Sunday, January 29, 2006

OSHA: The Good, the Bad and the Red Herrings

Meanwhile back on the anti-OSHA ideological frontlines...

The New York Times had an interesting article last week about Republican attempts -- led by Senator Mike Enzi (R-UT) and Congressman Charlie Norwood (R-GA) -- to "give small businesses more leeway in dealing with the regulations that [OSHA] inspectors enforce."

Interesting, because they actually drew from both sides. In the "OSHA as Gestapo" corner was a mysterious "Michigan-based manufacturer of metal components" who wouldn't reveal his identity because he feared "retaliation by a vindictive inspector."
He said his 20-year-old company had a clear safety record, with no recorded accidents.

Nevertheless, he said, an inspector cited him for not having an eye-wash station, which the inspector said was required to deal with any injuries from splashed battery acid. He said he disputed the need for a station, but paid the $2,000 fine, complaining that "the inspectors treat you like some kind of criminal."

A second violation, also for $2,000, involved a failure to display, in locations where workers could easily read them, required material safety data sheets detailing the hazards of materials used and giving clear first aid directions in the event of exposure to the hazards.

"We had a million working hours with only small incidents like cut fingers, stitches and a few chips in the eye," the factory owner complained. "Yet our good safety record means nothing. It comes down to picky, picky, picky."
Yeah, this is America, not some God damn police state where you're considered guilty just because you break the law if it didn't hurt anyone. I mean, it's not like anyone died or anything.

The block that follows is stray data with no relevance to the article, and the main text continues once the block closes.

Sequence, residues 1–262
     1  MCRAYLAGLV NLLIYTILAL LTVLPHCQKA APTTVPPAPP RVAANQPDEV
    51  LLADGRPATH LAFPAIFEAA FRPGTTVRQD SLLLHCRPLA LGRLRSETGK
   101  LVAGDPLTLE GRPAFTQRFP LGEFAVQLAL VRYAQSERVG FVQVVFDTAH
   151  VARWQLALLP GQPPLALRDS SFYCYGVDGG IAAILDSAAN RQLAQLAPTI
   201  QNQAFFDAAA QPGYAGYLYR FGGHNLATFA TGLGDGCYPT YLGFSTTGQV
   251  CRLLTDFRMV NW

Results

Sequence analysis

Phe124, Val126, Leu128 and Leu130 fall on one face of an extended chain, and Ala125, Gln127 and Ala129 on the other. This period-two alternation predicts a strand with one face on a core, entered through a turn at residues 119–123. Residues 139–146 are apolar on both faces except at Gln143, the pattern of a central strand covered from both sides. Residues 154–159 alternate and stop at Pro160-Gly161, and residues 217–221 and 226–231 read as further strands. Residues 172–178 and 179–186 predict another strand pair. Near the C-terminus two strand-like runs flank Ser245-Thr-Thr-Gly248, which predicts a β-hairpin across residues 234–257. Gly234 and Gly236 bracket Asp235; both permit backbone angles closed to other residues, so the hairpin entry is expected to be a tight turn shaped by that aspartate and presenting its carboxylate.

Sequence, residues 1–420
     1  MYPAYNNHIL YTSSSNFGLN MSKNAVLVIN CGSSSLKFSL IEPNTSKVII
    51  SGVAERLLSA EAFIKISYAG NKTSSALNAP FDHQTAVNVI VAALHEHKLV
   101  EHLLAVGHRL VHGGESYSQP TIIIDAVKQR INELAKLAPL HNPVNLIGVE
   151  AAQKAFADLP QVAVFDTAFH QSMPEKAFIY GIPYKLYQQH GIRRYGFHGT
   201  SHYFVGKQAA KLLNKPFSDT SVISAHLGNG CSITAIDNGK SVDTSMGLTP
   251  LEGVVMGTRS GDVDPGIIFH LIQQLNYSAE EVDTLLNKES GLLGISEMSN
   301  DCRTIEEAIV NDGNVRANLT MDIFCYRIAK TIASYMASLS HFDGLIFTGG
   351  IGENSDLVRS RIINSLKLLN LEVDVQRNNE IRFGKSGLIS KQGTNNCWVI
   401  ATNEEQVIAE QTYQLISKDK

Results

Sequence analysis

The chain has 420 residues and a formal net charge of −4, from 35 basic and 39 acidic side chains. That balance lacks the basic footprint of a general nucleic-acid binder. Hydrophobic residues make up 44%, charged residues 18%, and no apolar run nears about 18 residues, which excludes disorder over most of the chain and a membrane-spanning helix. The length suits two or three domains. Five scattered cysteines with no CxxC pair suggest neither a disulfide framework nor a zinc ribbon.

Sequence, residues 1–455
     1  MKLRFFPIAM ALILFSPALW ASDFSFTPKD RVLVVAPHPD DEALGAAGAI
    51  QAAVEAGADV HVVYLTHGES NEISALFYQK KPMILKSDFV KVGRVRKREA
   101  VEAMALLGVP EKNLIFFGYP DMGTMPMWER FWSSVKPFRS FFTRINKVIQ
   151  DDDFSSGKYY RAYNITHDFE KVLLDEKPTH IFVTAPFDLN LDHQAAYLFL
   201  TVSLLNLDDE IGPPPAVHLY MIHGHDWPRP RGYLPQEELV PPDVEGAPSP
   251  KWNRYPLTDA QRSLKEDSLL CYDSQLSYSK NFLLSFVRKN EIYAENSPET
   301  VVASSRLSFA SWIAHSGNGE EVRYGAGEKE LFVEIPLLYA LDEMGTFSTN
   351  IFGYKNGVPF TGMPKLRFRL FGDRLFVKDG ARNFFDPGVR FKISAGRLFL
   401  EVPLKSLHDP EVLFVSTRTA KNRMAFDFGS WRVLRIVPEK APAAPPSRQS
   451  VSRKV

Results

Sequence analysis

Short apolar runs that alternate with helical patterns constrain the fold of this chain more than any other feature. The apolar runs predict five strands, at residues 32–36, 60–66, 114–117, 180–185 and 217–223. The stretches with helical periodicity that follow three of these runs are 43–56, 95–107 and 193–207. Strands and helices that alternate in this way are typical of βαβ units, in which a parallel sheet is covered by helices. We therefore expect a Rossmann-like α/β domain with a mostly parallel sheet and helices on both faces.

Gosh offisher, I know I've had jusht a leetle bit too mush to drink, and maybe I was driving jusht a leetle bit over the shpeed limit, but I have an exchellent driving record. Nope, never killed anyone. You'cn look it up. Picky, picky, picky.
And in the "safety enforcement makes sense corner," we have The Allman Electric Corporation of Fayetteville, N.C., which is
among a small group of companies that have hired their own safety directors to monitor workplace conditions — and to try to resolve amicably any problems that safety inspectors uncover.

"I've negotiated with them on three occasions," said Michael Dimare, the safety director at Allman, a commercial and residential electrical contractor. "Each time they gave us a chance to address the safety issues."

One citation came when one of the company's 75 workers failed to hook up his safety harness after being hoisted three stories up to change a bulb on an outside light fixture.

"The inspector took digital photographs," Mr. Dimare said. "So, when you are presented with an 8-by-10 glossy, what can you say?"

The company was able to negotiate the $20,000 fine for the safety violation down to $300 after it agreed to start, within 30 days, a program to train its workers about protecting themselves against falls.

"As long as you are professional and courteous, you can work it out," Mr. Dimare said. "Of course, you have to make sure there are no repeat violations."
The Times also quotes AFL-CIO Safety and Health Director, Peg Seminario who points out that OSHA inspectors
"only show up at small businesses when there is a fatality or a complaint."

Ms. Seminario said that based on 2004 figures, the average penalty was $955. "What OSHA really needs is more money for enforcement and stricter penalties," she added.
And one not so insigificant quibble: The article states that "Over all, according to the Bureau of Labor Statistics, the number of workplace deaths decreased from 6,632 in 1994 to 5,703 in 2004." True enough, but the article fails to note that fatalities have gone up in each of the past two years.